I don’t know about you, but we frequently have a stack of Amazon boxes on the table near the front door, because parts were ordered for some project we haven’t tackled yet. So, these parts sit there in their boxes, awaiting the day that we get around to that particular project.
Last week, I wrote about how decluttering is a mindset problem
, not a too-much-stuff problem. This time, I want to tackle an area that causes a lot of clutter in our home and possibly in yours, too – household projects.
Whether it’s fixing an appliance, updating old bathroom fixtures, hanging new shelves…these types of projects can bring an unbelievable amount of clutter into our house. And it’s not just interior projects; things like updating the garden in the Spring or changing the car’s oil can also contribute to the clutter. But it can also be things like a child’s science project, crafts you’re making for Easter, or similar. Really, I’m talking about any supplies you’re purchasing to use in some sort of project.
First, What is FIFO?
Probably, this one would only make sense to a fellow MBA graduate. In manufacturing operations, you see, there’s a concept called FIFO, which means first in, first out. Basically, it’s the idea that when you buy parts for a car, for example, you use the first parts you bought first, Then, you use the next set of parts you bought. We see this concept everywhere – have you ever been at the grocery store when they’re refilling the milk shelf? They’re putting the newest gallons of milk behind the older gallons, so that customers buy the older milk first. It only makes sense – otherwise, the older milk would go bad while the newer milk got sold first.
How Does This Apply at Home?
I think we should have the same approach to our household belongings. Simply put, if you purchased something yesterday, deal with it, use it, or organize/store it before things you bought today. Or, ideally, before you buy anything else at all.
When we don’t follow the FIFO principle, we frequently regret it.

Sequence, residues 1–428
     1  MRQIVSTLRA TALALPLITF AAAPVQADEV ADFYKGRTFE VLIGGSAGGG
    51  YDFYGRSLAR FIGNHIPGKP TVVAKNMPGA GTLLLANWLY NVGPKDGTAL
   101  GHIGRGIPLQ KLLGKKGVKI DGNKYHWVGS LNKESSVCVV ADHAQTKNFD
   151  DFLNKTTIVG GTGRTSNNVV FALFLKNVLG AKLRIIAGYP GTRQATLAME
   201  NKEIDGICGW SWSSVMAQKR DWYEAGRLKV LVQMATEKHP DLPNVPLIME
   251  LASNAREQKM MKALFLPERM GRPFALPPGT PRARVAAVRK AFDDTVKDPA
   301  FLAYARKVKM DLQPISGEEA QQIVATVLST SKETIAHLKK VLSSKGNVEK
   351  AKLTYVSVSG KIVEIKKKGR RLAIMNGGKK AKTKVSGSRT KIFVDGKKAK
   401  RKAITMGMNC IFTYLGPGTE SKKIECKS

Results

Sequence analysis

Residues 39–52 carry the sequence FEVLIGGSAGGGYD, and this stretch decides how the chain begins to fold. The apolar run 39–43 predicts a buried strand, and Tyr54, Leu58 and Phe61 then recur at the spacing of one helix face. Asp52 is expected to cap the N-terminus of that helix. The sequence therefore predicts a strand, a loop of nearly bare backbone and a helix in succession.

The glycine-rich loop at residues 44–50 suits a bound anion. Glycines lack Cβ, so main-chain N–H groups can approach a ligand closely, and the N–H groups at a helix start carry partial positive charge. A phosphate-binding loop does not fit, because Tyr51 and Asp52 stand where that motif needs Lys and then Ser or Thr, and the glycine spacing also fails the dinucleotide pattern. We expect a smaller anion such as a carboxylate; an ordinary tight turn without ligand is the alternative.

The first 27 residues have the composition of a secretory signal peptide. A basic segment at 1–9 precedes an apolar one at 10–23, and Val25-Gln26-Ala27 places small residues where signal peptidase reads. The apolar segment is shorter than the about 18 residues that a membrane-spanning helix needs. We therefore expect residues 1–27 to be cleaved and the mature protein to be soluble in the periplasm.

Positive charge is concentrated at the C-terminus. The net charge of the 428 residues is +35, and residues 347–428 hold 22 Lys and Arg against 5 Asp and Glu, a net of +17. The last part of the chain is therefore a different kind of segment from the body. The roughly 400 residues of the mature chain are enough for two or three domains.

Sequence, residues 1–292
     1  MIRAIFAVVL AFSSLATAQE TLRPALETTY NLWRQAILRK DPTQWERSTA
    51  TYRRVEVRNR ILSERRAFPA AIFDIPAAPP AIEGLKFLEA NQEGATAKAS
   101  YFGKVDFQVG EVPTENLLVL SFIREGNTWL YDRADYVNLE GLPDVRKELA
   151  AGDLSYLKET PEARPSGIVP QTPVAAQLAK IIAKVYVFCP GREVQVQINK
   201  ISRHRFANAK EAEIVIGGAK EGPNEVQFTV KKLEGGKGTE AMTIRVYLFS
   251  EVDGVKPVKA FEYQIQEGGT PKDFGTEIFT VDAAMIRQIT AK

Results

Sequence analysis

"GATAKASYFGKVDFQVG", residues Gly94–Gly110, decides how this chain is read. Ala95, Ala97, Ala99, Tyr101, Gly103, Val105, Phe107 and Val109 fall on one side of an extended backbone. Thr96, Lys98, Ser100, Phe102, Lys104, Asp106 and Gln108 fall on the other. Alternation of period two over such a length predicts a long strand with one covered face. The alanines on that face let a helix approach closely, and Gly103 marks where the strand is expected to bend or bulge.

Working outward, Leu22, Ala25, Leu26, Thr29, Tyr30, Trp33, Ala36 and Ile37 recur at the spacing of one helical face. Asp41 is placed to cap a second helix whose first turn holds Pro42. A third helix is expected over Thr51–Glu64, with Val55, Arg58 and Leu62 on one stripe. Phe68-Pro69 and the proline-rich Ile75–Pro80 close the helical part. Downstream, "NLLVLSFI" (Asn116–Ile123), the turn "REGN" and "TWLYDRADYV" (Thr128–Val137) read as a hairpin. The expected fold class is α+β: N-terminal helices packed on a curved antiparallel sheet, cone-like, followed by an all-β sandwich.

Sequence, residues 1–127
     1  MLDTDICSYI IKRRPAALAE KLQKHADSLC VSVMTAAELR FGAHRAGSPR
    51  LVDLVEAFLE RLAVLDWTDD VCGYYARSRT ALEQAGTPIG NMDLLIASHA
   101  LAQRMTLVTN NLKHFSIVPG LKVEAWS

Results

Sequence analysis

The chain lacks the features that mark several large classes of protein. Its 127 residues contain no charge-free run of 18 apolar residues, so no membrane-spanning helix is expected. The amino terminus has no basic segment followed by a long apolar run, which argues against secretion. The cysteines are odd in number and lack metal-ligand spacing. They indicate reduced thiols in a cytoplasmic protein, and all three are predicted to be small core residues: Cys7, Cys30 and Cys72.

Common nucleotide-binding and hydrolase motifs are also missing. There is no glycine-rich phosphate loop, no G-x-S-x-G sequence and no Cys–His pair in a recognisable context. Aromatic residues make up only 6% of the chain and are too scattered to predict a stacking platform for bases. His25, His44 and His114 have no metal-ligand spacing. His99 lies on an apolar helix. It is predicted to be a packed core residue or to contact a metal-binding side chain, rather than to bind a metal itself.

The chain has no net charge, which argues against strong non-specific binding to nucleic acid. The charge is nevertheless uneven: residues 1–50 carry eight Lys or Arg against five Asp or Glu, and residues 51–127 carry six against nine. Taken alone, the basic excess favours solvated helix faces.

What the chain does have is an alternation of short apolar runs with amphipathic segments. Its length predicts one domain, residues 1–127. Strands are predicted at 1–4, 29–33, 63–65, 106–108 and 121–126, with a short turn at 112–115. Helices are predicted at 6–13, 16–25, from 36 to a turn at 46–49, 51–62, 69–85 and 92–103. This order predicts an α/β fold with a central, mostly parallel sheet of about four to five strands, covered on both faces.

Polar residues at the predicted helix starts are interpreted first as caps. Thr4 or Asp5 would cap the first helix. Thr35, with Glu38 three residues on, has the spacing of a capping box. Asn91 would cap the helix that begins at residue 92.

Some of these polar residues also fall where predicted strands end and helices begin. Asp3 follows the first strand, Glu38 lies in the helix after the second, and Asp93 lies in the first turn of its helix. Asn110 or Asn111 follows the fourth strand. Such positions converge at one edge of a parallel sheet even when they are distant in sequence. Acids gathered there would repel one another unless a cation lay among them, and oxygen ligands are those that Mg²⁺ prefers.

Buying Too Far Ahead
At any given time, most of us have several to-do list projects laying around, right? Maybe you need to replace the lightbulb in your car’s dome light, fix the broken handle on the toilet, and do an oil change on your truck.
For many of us, it would make sense to go out, buy the lightbulb, the replacement toilet handle, and the oil filter and oil all at once, then start going through your list. But what typically happens? Maybe you get the lightbulb replaced, then you start on the toilet handle before your wife gets home and you have to stop to make dinner. Then, it’s bedtime and tomorrow has its own list of projects and appointments. By the time you get back to finishing up toilet handle, it’s been a month, and you finish the handle and move on to the oil change.
Oops…you bought the wrong oil filter! Darn…and now you’re past the 14-day return window, so you can’t take it back. So, you run out again to buy the right oil filter, and while you’re out you also buy the supplies for the next five projects on your list…
Hmm. Do you see the problem? In addition to being past the return window for parts you discover aren’t right or won’t work, you’ve probably forgotten where you put the oil because it just got tossed in the garage somewhere until you needed it. Or, maybe you’re like us and you left the toilet handle in the back of your car…where it got mangled, and then stepped on by a dog, and by the time you went to use it…it was useless.
No matter how you look at it, it’s all clutter! And it’s a result of not following the FIFO principle. You see, FIFO also says that you wouldn’t buy more than you need in a reasonable period of time, because prices could change, supplies could go bad, and it wouldn’t make sense to have a big enough warehouse to store things for too long.
So, while I know it’s tempting to just buy everything you need for the next ten projects on your list…think about buying just for the next two. That way, you can get things rolling in and out quickly, without having to worry about storing them, being unable to return them, or losing them. Heck, if you’re really good at this, you’ll get to the point that you don’t even need to put things away because you buy them right when you need them for a particular project. See? Storage needs go way down when you buy this way.
FIFO and Motivation
Approaching your projects this way also helps keep you motivated. Most of us, when we have a few things to tackle, will be happy to get them done and off the list so we can move on to something more fun.
But for many of us, adulting (I still haven’t really decided if that’s a word or not) means a constant list of projects and repairs to be done. In fact, our motivation often fades because there’s always another project…so what’s the motivation to get it done? By planning ahead and buying for only the next one or two projects, you can help avoid feeling overwhelmed by everything you need to get done. As the saying goes…don’t borrow worry from tomorrow. Just deal with today’s challenges.
Now, it’s time to clear the decks. Pull out all those parts and pieces for projects you haven’t done yet, and either use it, return it, or donate it! Then, going forward, buy only for the next two projects to keep the decks clear and clutter-free. This way, you keep your home working like a well-oiled machine, with supplies coming in at just the right time for the project.
Join the discussion